Sheffield Streets marks the triumphant return of one of America’s singular songwriting voices.
Over a decade of performing and recording, Amy Allison’s unforgettable voice has drawn endless comparisons to a host of singers from Loretta Lynn to Billie Holiday.
Still, it is her tuneful, eloquent songcraft that continues to draw the strongest accolades from critics, fellow artists and devoted fans. Her body of song transcends genres and eras, melding traditions of old and new country, brill building pop, folk blues, show tunes and jazz standards. Her songs of love, longing, heartache and melancholy are at once sophisticated, heartfelt and instantly memorable.
The 11 original tunes on Sheffield Streets are a mix of old and new, the culmination of a lifetime of songwriting, and easily her strongest vocal performances yet. With heart-tugging balladry, humor, and a down-but-not-out fortitude in the face of adversity, her style is at once nostalgic and contemporary, poetic and plain.
Producer Don Heffington wisely puts Amy’s voice front and center, keeping the arrangements earthy, memorable and tailored to each song. From the girl-group harmonies and pop verities of lead-off single “ Why Must it Be?” to the strangely smouldering yet wistful ballad “Anywhere You Are”, Heffington’s vivid production colours Allison’s material perfectly.
The sole non-original is a wry duet with long-time fan Elvis Costello on a cover of her father Mose Allison’s 1967 classic “Monsters of The Id”, featuring a gorgeous solo by Mose himself.
Marketing Schmarketing (stray bullet points):
• Sheffield Streets is Amy’s fifth solo album and her Urban Myth debut
• Triumphant return of this internationally acclaimed singer-songwriter after a three-year absence from recording
• Produced in L.A. by Don Heffington (of Lone Justice, The Jayhawks, Emmylou Harris’ Hot Band, Bob Dylan’s band… we could keep going)
• Features duets with Elvis Costello and Dave Alvin
• Costello lauded Amy’s song “Her Hair Was Red” as a “beautiful and tender story song from a very under-appreciated songwriter” on his recent iTunes Celebrity playlist
• Amy released two records as half of critically acclaimed swamp folk duo Parlor James (Discovery/Sire) and has added guest vocals to albums by The Silos, Mudhoney and They Might Be Giants
• Legendary guest musicians on the album include Van Dyke Parks, Greg Leisz, Josh Grange, Bob Glaub, DJ Bonebrake, Amy’s Parlor James bandmate Ryan Hedgecock, and jazz icon (and Amy’s dad) Mose Allison
A smattering of critical praise for Amy Allison:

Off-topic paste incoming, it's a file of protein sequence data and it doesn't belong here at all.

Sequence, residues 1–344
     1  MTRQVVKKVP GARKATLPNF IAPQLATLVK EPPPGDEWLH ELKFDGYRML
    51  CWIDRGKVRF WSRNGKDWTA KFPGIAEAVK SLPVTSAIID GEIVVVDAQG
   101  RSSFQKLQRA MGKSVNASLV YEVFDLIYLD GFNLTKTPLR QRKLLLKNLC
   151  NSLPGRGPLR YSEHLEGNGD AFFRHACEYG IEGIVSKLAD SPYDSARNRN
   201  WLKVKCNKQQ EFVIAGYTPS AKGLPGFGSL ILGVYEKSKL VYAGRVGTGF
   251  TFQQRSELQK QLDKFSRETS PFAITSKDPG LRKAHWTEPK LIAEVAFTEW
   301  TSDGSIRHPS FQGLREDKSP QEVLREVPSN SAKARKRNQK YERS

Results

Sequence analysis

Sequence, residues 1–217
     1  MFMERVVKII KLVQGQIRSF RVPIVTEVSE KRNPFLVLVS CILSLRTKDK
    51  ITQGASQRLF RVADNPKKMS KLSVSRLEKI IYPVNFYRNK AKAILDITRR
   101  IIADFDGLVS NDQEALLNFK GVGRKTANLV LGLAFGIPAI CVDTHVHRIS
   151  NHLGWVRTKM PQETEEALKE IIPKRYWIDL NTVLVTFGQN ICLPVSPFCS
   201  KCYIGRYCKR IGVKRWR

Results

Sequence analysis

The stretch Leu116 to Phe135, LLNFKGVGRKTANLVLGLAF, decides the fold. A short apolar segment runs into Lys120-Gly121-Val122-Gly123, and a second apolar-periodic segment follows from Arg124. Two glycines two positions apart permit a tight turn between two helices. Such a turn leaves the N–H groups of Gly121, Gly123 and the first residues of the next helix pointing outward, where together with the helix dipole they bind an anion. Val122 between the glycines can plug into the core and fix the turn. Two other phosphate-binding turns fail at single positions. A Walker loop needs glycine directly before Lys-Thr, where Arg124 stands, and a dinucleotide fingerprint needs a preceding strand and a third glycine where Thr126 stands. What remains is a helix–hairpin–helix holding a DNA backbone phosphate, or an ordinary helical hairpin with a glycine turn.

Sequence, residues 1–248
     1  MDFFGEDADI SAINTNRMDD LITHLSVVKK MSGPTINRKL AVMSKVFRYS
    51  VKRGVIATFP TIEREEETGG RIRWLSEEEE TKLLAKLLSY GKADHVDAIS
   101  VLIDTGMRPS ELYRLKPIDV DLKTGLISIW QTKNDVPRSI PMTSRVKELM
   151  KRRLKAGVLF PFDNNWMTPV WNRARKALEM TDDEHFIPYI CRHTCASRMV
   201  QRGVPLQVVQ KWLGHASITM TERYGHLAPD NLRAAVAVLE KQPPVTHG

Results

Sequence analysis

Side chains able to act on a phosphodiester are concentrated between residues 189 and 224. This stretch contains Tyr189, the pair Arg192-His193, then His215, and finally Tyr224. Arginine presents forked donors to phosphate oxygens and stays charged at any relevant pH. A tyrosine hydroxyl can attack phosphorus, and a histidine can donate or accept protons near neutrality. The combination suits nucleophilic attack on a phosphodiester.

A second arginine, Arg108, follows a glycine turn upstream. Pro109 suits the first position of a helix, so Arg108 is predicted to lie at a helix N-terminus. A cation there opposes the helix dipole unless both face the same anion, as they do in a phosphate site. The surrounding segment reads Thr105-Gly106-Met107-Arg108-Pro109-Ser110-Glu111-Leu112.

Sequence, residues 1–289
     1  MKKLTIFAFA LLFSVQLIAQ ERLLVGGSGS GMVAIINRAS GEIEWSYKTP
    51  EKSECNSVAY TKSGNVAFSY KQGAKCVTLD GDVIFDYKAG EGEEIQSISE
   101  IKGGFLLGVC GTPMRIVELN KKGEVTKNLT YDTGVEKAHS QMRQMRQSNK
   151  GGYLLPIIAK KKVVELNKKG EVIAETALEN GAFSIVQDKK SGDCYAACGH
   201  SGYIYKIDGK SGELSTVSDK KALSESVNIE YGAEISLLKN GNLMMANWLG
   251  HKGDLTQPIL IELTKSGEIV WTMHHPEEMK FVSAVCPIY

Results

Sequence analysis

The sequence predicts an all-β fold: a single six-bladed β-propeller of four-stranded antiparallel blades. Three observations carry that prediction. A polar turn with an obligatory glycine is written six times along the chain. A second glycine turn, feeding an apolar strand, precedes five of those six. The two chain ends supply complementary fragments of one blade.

“One of the top 500 records of all time.” –Elvis Costello on The Maudlin Years, Vanity Fair
“Allison is a master of the mot juste, the double or triple or quadruple entendre: no wonder Elvis Costello likes her so much. It’s never easy to tell whether she’s laying it on the line, messing with your head or doing both at the same time, and that’s the secret to her success.” –Alan Young, Lucid Culture
“For those who treasure individuality and the craft of songwriting, here’s a find.” –The Observer
“The daughter of great jazz-blues singer and pianist Mose Allison tweaks her romantic misfortunes with appealing self-awareness… Allison’s melodies are flat-out gorgeous.” –Peter Margasak, Chicago Reader
“She writes what seem to be country songs with the same stylized simplicity her dad favors in blues, but the country part is just an aura, a way to convince you the singer is as unsophisticated as you think her lyrics are until you think some more.” –Robert Christgau, Christgau Consumer Guide
“Her artful, urban country-pop stylings fit somewhere between Loretta Lynn and Jenny Lewis. Her version of “Every Day Is Like Sunday” pulverises covers by Chrissie Hynde and Natalie Merchant into the dust.” –Nigel Williamson, Uncut
“She deftly draws on her urban experience of New York, while wrapping her compositions in distinct country hues… a lovely, enchanting album of songs from the heart” –The Sun
“ With Allison it all boils down to her voice – songwriting, yes, but also her singing, which is funny, sexy, and smart, often all three at once.” –Bill Friskics-Warren, Nashville Scene
“A wealth of succint honesty, genuine emotion, vivid poetry and pure melodic feel that will be welcomed with open arms by fans of old and new country alike.” –Neil Jones, Drowned In Sound
“Each of Allison’s songs hits at an emotional core – one long road of longing and regret or cautious joy and happiness.” –Mary Houlihan, Chicago Sun Times
“She’s got songs, the vocal depth, and mostly, an instinctive ability to translate the blues and lonesomeness into short, beautiful pop segments.” –Americana UK
“These songs of heartache and longing are enlivened by an unadorned directness and Allison’s knack for the colorful and telling phrase.” –Nick Cristiano, The Philadelphia Inquirer
“[An] appreciation for the polished, professional songwriting traditions of both country and pop, both sad and funny, finished and universally simple – and uniformly potent.” –Barry Mazor, No Depression
“…a lovely world where urban country mixes freely with 1960’s girl groups, jazz standards and a love of the Smiths to create a distinctive, sophisticated treat.” –The Sunday Times
“She may be an acquired taste, but that doesn’t diminish the moving sadness with which she delivers every syllable.” –The New Yorker